8 Surprising Facts About Baby Colic
- When Crying Might Be ColicIf your baby cries more than 3 hours per day at least 3 days a week, she might have colic.
All babies cry, but babies who have colic typically cry more frequently. According to the U.S. National Library of Medicine, colic often begins around 3 weeks of age and peaks between 4 to 6 weeks. By 3 to 4 months of age, colic symptoms usually disappear. However, colic can last as long as a year.
Learn more about baby colic causes and treatments, including tips and techniques you can use to survive long hours of crying.
- 1. No one knows what causes colic.Healthcare providers and parents have a lot of theories about what causes colic, but no one really understands what’s going on in the bodies of colicky babies. Factors that may contribute to the development of colic include hunger or overfeeding, an immature digestive system, acid reflux (GERD), gas pain, imbalance of gut bacteria, food allergies or intolerances, and stress and anxiety.
Colic might even be an early form of childhood migraine. One study of 154 mother/baby pairs found that 29% of infants of moms with migraines had colic, compared to just 11% of infants whose mothers didn’t have a history of migraine.
- 2. Colic doesn’t affect babies’ growth.Because babies who have colic often look (and act) like they have tummy pain, many parents assume that there’s something wrong with their baby’s digestive system. But even though colicky babies appear uncomfortable and may exhibit clenched fists, pulled up legs and a tense abdomen, most are physically healthy and growing well. In fact, normal growth and development is typical for babies with colic.
- 3. Colic is usually worse in the evenings.For some unknown reason, colic symptoms usually occur at the same time every day and usually, in the evening. Unfortunately, these evening cryfests are tough on the whole family. Parents who work during the day may find it particularly difficult to develop a bond with a baby who seems to cry no matter what. And if there are older children in the home, a colicky baby may make it difficult for parents to give other children the attention they desire.
- 4. It’s a good idea to see a doctor if you think your baby has colic.In most cases, there’s nothing physically wrong with a baby who has colic. However, because a variety of medical conditions can cause similar symptoms, it’s a good idea to schedule an appointment with your child’s healthcare provider if you notice colic symptoms. Your provider will want to check your baby’s growth and development and conduct a physical exam to rule out a medical problem, such as a hernia or GERD. If your baby has GERD, your doctor may recommend medication, such as Omeprazole (Prilosec OTC, Zegerid OTC, OmePPi OTC), to help treat colic while the digestive system matures.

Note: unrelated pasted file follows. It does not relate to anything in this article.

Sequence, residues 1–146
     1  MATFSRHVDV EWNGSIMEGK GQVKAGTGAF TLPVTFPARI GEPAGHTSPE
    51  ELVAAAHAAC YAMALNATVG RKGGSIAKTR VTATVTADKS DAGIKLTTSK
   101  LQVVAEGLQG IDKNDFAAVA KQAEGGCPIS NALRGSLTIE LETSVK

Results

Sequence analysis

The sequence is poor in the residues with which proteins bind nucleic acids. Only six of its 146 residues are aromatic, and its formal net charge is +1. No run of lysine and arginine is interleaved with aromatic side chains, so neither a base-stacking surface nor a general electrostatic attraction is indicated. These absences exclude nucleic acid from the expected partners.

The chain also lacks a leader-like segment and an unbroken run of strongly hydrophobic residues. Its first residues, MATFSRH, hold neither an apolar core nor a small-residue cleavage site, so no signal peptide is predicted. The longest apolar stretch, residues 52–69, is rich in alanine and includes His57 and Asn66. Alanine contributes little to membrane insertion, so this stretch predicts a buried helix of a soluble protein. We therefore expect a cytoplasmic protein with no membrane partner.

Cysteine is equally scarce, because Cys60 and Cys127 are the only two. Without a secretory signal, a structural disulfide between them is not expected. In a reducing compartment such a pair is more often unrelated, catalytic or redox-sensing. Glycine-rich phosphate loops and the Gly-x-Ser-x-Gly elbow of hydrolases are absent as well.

- 5. Baby colic drops aren’t very effective.You can buy simethicone gas drops over the counter; these products are often marketed as “colic drops.” The American Academy of Pediatrics says that simethicone drops are safe for babies but notes that scientific studies have shown that the drops are not very effective.
You may have better luck with home remedies. Try swaddling and holding your baby tight. Or, go for a walk or car ride. You can also try placing a warm towel on your baby’s tummy.
- 6. Some babies with colic seem sensitive to certain foods.According to the National Library of Medicine, foods that are passed through breast milk may trigger colic in nursing infants. So, if you’re breastfeeding, you might want to try eliminating certain foods from your diet, one at a time, to see if your baby’s symptoms improve. Some mothers note improvement after they eliminate caffeine, dairy, soy or egg.
If you’re formula feeding, ask your doctor about switching to another formula.
- 7. International researchers are studying probiotics as a colic treatment.Healthcare providers and researchers want to understand colic, clinical studies are ongoing. Because researchers suspect that an imbalance of gut bacteria may be responsible for colic, at least in some infants, one treatment they’re testing is probiotic supplementation.
Probiotics are “good” bacteria that help maintain the health of the digestive system. At least one study shows that colicky babies who received probiotic treatment experienced decreased crying.
- 8. Colic increases the risk of postpartum depression.Dealing with a crying baby is very stressful! And because babies with colic seem almost inconsolable at times, it’s easy for parents to feel incompetent, or to blame themselves for their baby’s distress. It’s completely and totally normal to feel exhausted and overwhelmed by your baby’s crying. However, if you begin to have feelings of hopelessness or rage, or thoughts of harming yourself or your baby, seek help immediately.
8 Surprising Facts About Baby Colic